Despite the elements, we held onto the ball for 48 minutes and didn’t give Tillamook an opportunity to capitalize on any mistakes. What was an unfortunately consistent error of ours last fall has been cleaned up this season. What was a deficit for us in 2012 has emerged as one of the most positive stats in our favor this season.
Special Teams Score
From our work in analyzing game film we felt that there would be an opportunity to expose Tillamook in the Special Teams category. What a way a great way to start a football game: Max Beaudoin made a great effort to block the punt on Tillamook’s first possession and the ball was ultimately covered in the end zone by Aaron Tadei for a touchdown. Having a kick blocked in any situation is a demoralizing event for a football team. To have it happen on the first series proved to be simply too much for Tillamook to overcome and it was apparent that the tone of the game had been set early on.
Next Man Up
Despite some injuries that occurred early in the game we never lost our stride. A theme for our team since the first day of the season has been “Next Man Up.” Regardless of who is unable to play, whether for a single down, a series, or even an entire game, our young men know that every one of them must be prepared to step in at a moment’s notice and fill that assigned role. We had a few guys really step up in the absence of some starters: Kyver Hamilton, Alex Barker, Austin Eagon, Josh Chesnut, and Kyle Rees embraced their time on the field and capitalized on opportunities which ultimately is what any team requires to be successful.
Although our offensive stat line didn’t look that impressive at the conclusion of Friday’s contest, I thought we put together drives that chewed up the clock and took advantage of the great field position we were given all night. We scored on all but one drive in the evening, ran the ball effectively, and threw it successfully when we needed to. Kevin LaCoste has continued to improve his decision making each week which has led to his seven TD passes and zero interceptions.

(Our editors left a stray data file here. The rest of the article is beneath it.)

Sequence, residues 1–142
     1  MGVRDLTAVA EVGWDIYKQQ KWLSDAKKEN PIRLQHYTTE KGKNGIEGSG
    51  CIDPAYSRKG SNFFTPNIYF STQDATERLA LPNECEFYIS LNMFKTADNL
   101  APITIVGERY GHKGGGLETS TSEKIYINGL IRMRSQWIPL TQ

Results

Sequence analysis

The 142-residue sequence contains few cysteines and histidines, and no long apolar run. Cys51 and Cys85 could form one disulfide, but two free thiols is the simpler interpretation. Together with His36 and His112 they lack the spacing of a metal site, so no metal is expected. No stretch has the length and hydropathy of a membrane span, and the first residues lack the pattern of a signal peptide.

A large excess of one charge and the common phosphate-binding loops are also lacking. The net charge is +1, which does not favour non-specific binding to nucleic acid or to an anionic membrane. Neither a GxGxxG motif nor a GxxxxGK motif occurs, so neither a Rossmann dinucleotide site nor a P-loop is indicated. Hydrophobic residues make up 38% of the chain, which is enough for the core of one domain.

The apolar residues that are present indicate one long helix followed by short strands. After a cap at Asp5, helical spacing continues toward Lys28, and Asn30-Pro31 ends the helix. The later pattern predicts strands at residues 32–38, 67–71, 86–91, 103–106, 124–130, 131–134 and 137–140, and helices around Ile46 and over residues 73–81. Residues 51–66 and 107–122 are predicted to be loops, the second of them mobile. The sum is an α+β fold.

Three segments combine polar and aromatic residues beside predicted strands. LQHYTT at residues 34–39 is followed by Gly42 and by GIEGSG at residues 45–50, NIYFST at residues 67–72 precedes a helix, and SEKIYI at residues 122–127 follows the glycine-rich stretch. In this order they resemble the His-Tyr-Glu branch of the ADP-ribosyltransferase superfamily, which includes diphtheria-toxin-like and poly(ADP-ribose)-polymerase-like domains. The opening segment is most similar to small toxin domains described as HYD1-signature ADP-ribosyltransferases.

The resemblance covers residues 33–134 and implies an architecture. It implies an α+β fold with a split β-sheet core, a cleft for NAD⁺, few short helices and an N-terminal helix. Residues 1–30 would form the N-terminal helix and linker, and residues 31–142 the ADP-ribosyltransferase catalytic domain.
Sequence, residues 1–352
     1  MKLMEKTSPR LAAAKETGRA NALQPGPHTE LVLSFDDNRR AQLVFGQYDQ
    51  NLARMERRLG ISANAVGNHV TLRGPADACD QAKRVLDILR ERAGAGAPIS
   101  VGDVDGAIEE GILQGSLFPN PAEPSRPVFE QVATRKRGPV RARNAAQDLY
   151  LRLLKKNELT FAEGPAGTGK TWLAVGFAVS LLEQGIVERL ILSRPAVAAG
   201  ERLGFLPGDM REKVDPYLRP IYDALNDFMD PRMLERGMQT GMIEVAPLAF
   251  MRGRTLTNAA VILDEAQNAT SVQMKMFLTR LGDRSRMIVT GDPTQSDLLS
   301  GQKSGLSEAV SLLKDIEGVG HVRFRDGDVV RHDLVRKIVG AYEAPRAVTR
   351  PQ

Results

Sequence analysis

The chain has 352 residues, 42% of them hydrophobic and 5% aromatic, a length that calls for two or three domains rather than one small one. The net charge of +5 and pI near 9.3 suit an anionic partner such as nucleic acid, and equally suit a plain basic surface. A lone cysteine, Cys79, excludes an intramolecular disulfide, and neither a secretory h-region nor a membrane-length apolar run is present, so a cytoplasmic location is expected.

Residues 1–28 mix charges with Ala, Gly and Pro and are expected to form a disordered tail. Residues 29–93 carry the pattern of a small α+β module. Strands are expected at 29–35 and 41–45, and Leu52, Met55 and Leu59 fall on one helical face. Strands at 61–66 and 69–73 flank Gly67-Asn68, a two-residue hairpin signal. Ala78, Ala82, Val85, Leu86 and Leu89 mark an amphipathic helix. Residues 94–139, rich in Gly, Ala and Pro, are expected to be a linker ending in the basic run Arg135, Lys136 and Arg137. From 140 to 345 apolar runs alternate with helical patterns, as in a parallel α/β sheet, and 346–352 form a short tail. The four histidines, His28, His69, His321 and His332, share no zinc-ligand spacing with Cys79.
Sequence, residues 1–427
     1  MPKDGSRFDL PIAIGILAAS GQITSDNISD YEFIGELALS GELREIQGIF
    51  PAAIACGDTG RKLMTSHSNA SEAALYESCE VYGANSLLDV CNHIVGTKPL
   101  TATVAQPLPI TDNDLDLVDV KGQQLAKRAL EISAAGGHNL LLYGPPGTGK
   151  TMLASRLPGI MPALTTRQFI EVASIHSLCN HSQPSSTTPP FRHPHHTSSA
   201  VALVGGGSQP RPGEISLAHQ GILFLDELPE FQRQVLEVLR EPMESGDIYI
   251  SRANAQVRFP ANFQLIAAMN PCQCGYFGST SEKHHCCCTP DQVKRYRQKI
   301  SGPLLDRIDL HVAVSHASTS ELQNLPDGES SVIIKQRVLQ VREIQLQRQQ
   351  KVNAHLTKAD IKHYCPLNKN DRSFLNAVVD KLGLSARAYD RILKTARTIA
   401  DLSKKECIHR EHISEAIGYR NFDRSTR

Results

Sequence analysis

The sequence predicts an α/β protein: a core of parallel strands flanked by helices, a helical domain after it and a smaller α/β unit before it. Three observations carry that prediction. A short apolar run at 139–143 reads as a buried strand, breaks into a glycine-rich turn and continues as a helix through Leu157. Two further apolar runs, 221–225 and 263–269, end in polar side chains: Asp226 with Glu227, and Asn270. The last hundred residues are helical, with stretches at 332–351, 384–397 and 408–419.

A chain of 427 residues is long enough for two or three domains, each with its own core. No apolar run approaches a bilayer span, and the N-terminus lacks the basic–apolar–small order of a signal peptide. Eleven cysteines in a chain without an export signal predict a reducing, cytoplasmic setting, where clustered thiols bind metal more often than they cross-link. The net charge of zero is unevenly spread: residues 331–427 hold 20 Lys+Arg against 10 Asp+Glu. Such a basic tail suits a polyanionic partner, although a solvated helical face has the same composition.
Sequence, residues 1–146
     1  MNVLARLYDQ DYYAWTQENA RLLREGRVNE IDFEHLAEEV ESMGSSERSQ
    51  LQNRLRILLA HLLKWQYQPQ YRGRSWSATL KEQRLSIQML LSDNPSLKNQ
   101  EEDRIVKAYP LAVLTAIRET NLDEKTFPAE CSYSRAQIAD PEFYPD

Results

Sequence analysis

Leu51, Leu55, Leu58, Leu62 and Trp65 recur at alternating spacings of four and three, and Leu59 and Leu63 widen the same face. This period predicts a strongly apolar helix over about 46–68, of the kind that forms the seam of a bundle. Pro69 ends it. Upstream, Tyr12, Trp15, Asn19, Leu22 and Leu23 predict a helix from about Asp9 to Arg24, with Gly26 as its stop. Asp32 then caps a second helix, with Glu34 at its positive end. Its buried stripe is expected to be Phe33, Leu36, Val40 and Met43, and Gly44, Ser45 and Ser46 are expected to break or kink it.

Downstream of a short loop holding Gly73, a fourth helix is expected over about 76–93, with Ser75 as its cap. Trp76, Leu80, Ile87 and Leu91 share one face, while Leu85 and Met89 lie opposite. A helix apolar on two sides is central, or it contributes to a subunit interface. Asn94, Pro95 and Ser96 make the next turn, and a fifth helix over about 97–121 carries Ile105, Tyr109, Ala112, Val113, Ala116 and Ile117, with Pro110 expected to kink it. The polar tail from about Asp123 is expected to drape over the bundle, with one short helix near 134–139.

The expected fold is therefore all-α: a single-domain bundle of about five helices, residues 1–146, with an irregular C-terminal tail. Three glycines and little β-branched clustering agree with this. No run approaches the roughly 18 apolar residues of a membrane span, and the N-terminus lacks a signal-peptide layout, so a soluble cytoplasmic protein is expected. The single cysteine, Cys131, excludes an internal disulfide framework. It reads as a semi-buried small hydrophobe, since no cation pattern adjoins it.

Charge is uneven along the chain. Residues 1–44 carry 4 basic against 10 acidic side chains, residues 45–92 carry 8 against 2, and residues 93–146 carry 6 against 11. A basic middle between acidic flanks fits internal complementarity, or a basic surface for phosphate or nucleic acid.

Tennis Shoes in the First Half
For those of you that weren’t there it is really hard to explain the amount of rain that fell on Friday night. I have been playing or coaching football in the Northwest for over 30 years and I’m not sure that I have ever seen such unrelenting weather. In pregame there was a light mist and I thought the rain had pretty much blown through. A few minutes after kickoff it started to pour…and it never let up. The tennis shoes I was wearing in the first half let me down. Fortunately the dry socks and rubber boots I brought “just in case” were waiting for me in the locker room at halftime. It is a true testament to our kids and their focus on taking care of the ball that they did not turn the ball over on Friday night.
Keeping Kids Safe
For those of you who know me and my coaching philosophy, you know I will never credit a victory or blame a loss on the work of the officials. Officiating is a tough job that comes with very little praise from onlookers. I know there are going to be questionable calls made and calls that are missed, it simply comes with the territory. However, one thing that I will never accept is when officials don’t fulfill their obligation of keeping kids safe. I felt that there were a number of times that our players were being blindsided well behind the play and the officials failed to hold our opponent accountable for those actions. I think our young men deserve kudos for not getting “chippy” or retaliating with any unacceptable or unsportsmanlike behavior. That attitude and discipline exhibits our team credo of MOC.